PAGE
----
Knowing It When You See It Open Thread
What’s behind the curtain? A painting city officials and the Orange public gallery have dubbed “for adults only,” according to the Australian Broadcasting Corp.I've looked on the gallery's website and scoured the web, but can't find an image of the disputed work. If you find one, please do let me know.
The piece, You Big Hole, was created by Jirrawun Girls, a group of young Aboriginal women, and consists of four panels containing graffiti and swear words.
The gallery has used a large black curtain to cover the work in response to complaints made to the Orange City Council and upon approval by the city's general manager and mayor.
A warning sign now accompanies the exhibition, stating that children need parental guidance and that visitors should ask gallery staff for a view of the painting.
The issue of where the line should be drawn with regard to open access to "obscene" art has been discussed a good deal in my circle lately. Good friends of mine with a gallery had been asked by their landlord to cover their windows because passersby could see a graphic depiction of an orgy in their space. The exchange came close to bordering on demands that would have meant censorship, but eventually that was averted through a patient response by my friends.
Still, when we're talking "art," what guidelines should be used to decide when warnings or (eek) curtains are appropriate in a public space? [Yes, I'm gonna drag out and dust off that old quote again:] Infamously, Supreme Court Justice Potter Stewart wrote in his short concurrence in the obscenity case of Jacobellis v. Ohio (1964) that "hard-core pornography" was hard to define, but that "I know it when I see it" [a view he later recanted as simply untenable]. Of course, he's talking about truly obscene hard-core materials (arguably inappropriate for anyone, or so the case was supposed to decide), but does the same guildeline serve when considering what's only "obscene" in that it may offend some adults but is widely considered inappropriate for children? Even as one who quotes frequently Genet's sense that the only two subjects worthy of a great artist are death and sex, I have to admit that there are images I feel my nieces and nephews should be older before seeing, and as a gallerist that same consideration extends to the children of other people.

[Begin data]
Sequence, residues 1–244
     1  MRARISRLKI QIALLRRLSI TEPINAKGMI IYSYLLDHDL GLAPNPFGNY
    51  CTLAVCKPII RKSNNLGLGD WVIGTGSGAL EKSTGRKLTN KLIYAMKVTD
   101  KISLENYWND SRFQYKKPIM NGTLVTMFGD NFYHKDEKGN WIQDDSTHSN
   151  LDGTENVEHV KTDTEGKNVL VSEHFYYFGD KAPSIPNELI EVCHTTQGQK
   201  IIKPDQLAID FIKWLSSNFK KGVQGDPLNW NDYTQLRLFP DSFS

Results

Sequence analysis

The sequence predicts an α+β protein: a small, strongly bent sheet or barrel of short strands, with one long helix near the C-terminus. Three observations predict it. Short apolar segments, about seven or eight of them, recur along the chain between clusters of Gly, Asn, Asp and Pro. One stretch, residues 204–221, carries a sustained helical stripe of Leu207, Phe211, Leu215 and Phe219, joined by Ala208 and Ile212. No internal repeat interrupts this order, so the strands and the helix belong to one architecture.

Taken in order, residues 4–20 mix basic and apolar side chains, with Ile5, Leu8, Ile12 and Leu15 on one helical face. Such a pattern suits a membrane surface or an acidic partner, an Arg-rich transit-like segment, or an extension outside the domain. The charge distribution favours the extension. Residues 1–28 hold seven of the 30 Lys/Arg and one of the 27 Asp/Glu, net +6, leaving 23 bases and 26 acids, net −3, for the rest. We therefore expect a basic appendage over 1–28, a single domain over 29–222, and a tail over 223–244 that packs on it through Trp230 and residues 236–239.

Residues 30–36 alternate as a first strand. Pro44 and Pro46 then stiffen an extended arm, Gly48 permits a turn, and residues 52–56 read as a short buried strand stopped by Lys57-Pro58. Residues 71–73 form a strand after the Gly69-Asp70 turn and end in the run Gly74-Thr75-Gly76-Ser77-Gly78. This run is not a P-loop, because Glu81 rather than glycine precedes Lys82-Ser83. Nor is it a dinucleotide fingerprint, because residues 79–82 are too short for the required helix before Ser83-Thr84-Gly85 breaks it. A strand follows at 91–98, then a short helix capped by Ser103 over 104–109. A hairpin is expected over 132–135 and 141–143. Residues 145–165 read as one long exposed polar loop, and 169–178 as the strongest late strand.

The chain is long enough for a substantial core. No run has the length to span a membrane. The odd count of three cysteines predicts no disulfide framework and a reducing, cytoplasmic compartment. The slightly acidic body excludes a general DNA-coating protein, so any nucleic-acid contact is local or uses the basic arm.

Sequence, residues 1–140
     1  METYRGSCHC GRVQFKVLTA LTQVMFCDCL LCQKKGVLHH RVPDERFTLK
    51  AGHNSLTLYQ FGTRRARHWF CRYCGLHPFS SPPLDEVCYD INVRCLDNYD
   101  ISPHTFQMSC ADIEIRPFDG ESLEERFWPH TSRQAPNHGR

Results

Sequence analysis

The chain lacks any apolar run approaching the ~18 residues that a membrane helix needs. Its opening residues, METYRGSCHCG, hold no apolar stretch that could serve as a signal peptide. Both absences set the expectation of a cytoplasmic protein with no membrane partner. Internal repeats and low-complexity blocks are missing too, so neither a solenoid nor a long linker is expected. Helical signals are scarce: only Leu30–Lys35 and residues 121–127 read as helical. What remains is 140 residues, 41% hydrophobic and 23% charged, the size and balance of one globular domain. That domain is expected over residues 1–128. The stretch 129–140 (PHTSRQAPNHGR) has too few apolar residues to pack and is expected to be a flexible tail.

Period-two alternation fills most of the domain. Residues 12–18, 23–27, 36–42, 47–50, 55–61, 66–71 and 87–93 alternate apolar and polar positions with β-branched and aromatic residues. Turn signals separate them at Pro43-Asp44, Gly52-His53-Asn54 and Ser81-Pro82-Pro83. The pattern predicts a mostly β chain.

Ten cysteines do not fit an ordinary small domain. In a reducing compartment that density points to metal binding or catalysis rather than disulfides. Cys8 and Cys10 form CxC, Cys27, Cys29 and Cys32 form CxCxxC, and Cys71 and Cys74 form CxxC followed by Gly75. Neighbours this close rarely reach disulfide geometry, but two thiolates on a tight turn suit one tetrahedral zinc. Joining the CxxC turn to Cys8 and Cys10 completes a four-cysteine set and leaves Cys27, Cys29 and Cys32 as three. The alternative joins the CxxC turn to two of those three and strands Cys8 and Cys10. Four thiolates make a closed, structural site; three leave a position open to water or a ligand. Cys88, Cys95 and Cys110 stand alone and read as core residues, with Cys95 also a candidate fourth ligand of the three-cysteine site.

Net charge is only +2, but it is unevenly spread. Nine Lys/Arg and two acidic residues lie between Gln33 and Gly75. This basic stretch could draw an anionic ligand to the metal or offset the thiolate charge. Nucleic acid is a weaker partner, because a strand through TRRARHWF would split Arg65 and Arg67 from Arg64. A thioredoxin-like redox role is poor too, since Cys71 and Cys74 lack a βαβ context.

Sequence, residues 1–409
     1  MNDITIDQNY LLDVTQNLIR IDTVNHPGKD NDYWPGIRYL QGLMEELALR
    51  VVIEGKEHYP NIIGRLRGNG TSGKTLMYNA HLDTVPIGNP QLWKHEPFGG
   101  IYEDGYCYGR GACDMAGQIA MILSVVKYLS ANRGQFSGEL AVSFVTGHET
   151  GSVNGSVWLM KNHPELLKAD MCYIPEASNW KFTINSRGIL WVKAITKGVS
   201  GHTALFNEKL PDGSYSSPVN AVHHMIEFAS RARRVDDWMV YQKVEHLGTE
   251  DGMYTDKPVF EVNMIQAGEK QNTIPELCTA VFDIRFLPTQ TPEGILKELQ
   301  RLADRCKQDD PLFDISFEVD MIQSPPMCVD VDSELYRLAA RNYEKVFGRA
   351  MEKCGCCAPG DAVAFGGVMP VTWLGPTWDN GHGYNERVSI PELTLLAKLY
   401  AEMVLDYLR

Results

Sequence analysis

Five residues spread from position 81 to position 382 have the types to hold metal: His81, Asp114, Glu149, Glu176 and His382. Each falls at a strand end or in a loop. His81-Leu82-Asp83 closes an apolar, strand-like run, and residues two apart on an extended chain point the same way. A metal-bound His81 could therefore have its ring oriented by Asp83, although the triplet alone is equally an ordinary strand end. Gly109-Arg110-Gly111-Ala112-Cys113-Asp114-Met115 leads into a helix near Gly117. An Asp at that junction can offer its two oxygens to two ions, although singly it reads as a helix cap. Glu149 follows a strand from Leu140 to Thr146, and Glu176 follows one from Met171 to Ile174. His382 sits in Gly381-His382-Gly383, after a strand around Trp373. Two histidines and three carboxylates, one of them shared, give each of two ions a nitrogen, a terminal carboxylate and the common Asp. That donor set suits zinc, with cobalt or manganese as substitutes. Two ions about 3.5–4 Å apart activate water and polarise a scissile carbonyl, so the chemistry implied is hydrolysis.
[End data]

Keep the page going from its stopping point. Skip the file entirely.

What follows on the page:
Many galleries will put up signs on their doors if the work on exhibit is of a mature or graphic nature, giving parents fair warning before they enter, which seems a good balance. But the idea that a work needs to be covered and is then viewable only upon request strikes me as more perverse than anything it could possibly depict. I don't know if the work by the Jirrawun Girls is installed in a place where it's impossible to warn viewers before they happen upon it or not, but I think the gallery's solution to the complaints is unfair to the artists and to the public. I appreciate that they wanted to keep it in the exhibition, but the curtain suggests a rather backhanded form of support for the artists (I wouldn't want to track down a staff member to ask to view the piece). On the other hand, it has lead to me wanting to know more about their work, so....
But where is that line? Another gallery with huge windows onto the street recently exhibited a series of male nudes. The street is is frequently travelled my many children each day. I think that was OK. The nudes were individual figures and sex was not implied in any way, but at what point between sitting there naked and engaging in behavior inappropriate for children to view would a work necessitate a barrier to viewing? If a man and woman (or two of either) were sitting naked together? If they were touching each other? If they were clearly aroused? If a solo figure was clearly aroused or arousing him/herself? Where's the line?
Some folks draw it at nudity. Others at certain antaomical states of engagement or...er, let's leave it at that for now. Of course we can let whether anyone complains or not serve as a guideline, but by then the context of the exhibition has shifted, so I think it's better to decide before anyone complains and stick with your decision. But that's just me...I'm prudish AND stubborn. Consider this an open thread.